Rahul kumar wrote:
as per your topic Must all getters and setters be public to be well encapsulated?

for well encapsulated , it is 100% required to be public.


No, it's not.


I believe for this exam it is.We have to chose optimal option among some doubtful.Any confusion could lead wrong answer.


No, because the statement simply isn't true, not in context of the OP's question nor in context of the question in the topic he linked to.
Using visibility modifiers other than public for accessor methods does not decrease the level of encapsulation.


Enkita mody
Ranch Hand

Joined: Aug 06, 2012
Posts: 333

Jelle Klap wrote:
ankita modi. wrote:
Jelle Klap wrote:
Rahul kumar wrote:
as per your topic Must all getters and setters be public to be well encapsulated?

for well encapsulated , it is 100% required to be public.


No, it's not.


I believe for this exam it is.We have to chose optimal option among some doubtful.Any confusion could lead wrong answer.


No, because the statement simply isn't true, not in context of the OP's question nor in context of the question in the topic he linked to.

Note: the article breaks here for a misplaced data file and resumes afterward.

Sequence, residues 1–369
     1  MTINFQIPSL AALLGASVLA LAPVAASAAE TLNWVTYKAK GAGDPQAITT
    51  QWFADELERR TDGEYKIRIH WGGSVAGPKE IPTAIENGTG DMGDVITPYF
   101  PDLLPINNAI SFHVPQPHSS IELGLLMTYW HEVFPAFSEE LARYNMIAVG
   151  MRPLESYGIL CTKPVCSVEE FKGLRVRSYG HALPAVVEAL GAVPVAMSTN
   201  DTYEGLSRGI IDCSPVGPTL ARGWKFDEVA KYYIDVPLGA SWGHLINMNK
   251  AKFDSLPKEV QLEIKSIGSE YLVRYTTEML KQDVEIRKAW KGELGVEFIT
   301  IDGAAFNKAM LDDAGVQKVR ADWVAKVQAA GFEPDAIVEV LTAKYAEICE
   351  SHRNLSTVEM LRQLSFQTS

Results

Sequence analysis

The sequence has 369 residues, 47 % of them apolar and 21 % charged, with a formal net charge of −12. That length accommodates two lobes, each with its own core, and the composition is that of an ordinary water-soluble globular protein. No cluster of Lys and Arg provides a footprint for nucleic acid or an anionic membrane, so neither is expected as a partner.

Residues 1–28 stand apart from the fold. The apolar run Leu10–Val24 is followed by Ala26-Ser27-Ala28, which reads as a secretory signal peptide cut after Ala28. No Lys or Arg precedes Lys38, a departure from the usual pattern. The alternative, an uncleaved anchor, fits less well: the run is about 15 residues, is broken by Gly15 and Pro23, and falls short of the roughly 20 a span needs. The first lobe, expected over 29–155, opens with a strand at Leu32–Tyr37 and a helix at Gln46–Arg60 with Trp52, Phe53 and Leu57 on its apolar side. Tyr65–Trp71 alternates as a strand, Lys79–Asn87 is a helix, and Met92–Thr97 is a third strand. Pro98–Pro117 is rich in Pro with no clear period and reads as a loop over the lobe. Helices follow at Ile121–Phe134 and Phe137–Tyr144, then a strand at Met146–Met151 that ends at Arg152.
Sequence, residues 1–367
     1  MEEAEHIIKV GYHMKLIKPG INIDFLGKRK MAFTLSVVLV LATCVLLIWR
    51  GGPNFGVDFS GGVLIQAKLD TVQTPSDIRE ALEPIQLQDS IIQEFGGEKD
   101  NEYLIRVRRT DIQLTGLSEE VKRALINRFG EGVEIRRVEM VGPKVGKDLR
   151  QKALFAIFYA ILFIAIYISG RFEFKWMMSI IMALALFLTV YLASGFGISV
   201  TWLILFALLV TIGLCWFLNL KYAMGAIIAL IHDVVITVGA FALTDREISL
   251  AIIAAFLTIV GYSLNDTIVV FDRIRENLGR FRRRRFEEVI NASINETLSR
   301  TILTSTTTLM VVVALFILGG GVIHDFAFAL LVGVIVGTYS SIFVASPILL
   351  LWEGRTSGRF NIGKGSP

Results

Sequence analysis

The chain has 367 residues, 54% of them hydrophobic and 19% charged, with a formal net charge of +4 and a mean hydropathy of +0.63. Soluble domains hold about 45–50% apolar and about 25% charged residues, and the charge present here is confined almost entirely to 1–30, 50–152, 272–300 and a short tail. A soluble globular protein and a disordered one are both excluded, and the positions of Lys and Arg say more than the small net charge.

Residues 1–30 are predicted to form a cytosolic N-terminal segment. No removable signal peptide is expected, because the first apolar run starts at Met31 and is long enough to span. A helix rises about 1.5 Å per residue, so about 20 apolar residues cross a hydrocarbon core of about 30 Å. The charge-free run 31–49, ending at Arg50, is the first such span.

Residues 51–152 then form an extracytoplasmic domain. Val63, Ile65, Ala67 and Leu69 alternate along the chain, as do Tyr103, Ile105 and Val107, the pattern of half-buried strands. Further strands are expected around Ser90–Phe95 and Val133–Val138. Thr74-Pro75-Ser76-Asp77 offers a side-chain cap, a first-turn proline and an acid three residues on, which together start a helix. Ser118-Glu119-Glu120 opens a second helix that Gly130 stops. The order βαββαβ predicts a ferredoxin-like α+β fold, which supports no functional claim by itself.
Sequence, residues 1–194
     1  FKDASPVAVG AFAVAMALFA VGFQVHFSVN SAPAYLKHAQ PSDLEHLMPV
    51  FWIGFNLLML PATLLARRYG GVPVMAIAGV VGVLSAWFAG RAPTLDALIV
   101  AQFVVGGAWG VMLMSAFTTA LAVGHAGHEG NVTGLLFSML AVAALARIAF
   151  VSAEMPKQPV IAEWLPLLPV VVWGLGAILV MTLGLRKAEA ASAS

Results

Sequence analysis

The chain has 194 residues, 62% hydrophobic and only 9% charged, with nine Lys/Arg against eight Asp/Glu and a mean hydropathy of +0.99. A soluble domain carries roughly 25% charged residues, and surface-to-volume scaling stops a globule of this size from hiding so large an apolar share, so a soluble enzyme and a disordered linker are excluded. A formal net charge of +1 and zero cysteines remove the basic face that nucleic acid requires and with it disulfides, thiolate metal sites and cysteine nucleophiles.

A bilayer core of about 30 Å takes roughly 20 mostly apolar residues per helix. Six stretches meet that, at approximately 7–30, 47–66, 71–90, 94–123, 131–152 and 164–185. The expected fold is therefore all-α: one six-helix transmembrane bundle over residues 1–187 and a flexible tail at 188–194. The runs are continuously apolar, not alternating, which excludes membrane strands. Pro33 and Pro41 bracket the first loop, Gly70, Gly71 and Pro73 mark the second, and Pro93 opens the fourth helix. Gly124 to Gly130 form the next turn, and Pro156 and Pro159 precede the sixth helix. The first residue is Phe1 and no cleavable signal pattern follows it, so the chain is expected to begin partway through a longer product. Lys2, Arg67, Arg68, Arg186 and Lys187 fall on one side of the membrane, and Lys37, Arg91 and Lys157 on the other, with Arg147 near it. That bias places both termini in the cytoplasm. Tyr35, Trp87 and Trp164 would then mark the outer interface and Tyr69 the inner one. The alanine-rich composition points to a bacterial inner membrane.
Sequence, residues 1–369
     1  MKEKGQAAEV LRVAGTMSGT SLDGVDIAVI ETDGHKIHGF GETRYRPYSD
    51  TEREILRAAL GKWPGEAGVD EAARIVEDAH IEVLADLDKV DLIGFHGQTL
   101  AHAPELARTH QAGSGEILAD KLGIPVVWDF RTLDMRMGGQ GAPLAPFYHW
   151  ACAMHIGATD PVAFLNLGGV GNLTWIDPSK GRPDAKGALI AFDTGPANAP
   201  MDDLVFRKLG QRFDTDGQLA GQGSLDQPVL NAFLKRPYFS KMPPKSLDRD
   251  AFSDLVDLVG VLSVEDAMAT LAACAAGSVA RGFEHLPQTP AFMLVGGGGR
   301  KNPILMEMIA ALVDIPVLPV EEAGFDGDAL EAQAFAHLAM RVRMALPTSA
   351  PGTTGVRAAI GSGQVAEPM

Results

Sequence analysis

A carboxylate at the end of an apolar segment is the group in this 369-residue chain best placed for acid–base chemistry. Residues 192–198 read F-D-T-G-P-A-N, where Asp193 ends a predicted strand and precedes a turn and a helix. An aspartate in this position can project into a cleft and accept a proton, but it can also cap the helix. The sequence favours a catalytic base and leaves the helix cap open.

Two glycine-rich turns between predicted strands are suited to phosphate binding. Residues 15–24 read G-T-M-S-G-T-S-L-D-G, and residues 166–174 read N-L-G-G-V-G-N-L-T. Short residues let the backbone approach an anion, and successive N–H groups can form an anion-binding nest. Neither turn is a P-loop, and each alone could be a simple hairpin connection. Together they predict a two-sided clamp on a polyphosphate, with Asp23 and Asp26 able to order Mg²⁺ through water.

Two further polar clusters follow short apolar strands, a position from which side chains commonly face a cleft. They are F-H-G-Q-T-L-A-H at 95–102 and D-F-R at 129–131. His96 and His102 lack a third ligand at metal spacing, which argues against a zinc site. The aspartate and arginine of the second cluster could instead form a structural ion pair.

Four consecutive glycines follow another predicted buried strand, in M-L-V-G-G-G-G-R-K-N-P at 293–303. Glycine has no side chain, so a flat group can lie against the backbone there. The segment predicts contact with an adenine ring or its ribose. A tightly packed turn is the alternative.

Using visibility modifiers other than public for accessor methods does not decrease the level of encapsulation.




Yea, data must be private.
Seb Jones
Greenhorn

Joined: Aug 18, 2009
Posts: 4
Thanks for the responses! I have a couple of points to raise.

1.
Jelle Klap wrote:I'm getting the impression that you think a class should always provide accessor methods for any and all instance variables it declares?


No this is not what I meant as I know sometimes instance variables should be completely private to a class and not have getters and setters or maybe be read only by not having setter methods. What I was trying to get at was what the exam would be expecting. I'm trying to understand the following..

Is a well encapsulated property: